Some other biases could be due to the methodology used to perform our systematic review. We performed a methodological assessment of the studies to avoid some selection biases (more detailed reports of significant trials), as we performed in prior studies about biological prognostic factors in lung cancer (Steels et al, 2001). The absence of a detectable difference in quality score between significant and non-significant studies, and between evaluable and non-evaluable studies, encourages us to perform a quantitative aggregation (meta-analysis) of the results of the individual trials. However, in the present review, numbers of studies are small, preventing us to analyse any potential difference between significant and non-significant, or evaluable and non-evaluable studies. However, this approach does not prevent all potential biases. Publication bias, choice of language, selection of fully published studies only, method of extrapolation of HR, validity of a meta-analysis based on systematic review of the literature as compared with those based on individual data were already discussed in our previous papers (Steels et al, 2001).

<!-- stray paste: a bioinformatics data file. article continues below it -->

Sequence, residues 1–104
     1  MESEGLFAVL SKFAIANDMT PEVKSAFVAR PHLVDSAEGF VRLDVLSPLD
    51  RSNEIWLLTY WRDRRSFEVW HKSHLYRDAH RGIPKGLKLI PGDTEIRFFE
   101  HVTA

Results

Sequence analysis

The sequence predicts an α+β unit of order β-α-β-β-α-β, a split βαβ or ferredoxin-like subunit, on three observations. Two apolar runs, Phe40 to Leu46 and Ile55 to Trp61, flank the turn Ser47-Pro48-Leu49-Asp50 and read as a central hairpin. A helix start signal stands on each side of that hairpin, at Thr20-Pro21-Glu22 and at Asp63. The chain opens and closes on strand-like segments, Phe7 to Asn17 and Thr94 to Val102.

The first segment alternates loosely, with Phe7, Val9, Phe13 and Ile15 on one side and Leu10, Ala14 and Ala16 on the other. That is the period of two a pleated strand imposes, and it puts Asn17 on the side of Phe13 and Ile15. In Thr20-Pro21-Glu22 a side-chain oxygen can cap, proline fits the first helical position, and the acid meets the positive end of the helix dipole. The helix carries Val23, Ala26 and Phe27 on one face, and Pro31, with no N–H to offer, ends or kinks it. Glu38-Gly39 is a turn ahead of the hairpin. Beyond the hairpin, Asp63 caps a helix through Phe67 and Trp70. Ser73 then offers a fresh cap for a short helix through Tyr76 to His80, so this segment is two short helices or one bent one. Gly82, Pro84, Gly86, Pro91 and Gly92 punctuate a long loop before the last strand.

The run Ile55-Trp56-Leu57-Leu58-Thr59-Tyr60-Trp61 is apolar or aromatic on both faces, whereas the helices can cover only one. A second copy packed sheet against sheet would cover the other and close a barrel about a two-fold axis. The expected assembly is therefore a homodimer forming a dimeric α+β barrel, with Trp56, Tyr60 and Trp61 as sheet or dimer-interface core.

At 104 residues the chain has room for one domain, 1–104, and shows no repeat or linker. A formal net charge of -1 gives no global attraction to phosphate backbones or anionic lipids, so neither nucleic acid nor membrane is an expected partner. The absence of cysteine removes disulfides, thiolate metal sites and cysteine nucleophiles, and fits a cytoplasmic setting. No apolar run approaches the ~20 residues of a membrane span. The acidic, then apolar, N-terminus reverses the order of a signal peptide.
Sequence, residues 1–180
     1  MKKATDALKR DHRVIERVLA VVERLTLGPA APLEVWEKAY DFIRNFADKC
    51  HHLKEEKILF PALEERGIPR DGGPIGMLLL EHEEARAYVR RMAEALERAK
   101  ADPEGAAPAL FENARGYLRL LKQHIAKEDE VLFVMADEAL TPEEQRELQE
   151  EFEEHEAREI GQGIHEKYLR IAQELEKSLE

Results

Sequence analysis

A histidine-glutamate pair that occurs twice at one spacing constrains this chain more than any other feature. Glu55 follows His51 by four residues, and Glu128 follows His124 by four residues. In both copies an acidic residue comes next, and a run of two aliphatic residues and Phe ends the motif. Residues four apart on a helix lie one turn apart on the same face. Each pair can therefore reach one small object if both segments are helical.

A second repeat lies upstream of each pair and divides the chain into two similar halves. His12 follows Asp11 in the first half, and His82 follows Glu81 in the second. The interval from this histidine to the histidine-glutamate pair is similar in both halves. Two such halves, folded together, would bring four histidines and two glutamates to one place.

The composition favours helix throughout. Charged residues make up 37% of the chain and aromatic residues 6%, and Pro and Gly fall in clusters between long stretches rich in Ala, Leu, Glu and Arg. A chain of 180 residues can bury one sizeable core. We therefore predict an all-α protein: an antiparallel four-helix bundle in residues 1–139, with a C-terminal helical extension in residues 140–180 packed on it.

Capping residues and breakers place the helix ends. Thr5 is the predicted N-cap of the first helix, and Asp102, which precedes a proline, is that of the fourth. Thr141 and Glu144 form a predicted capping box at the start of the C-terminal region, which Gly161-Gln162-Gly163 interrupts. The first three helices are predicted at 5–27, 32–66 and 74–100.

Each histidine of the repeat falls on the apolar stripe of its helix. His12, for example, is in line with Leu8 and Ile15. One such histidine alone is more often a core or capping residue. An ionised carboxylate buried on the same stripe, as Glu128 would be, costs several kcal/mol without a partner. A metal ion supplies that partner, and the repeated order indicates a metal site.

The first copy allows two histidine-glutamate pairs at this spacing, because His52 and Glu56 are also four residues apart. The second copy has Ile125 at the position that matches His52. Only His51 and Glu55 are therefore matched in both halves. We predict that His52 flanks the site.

Some eligible trials had to be excluded from the meta-analysis because they did not provide sufficient data on survival. Among the four excluded studies, only one (25%) was statistically significant, whereas a higher proportion of the studies evaluable for the meta-analysis were significant (60%). It is known that negative studies are less frequently published or, if they are, with less detailed results, making them less assessable. The methodological quality of trials, according to the global score, was not significantly different between evaluable and non-evaluable studies for the quantitative aggregation of individual survival results. Nevertheless, such an approach does not fully protect a potential bias owing to the impossibility taking into account all the studies with negative or non-significant results.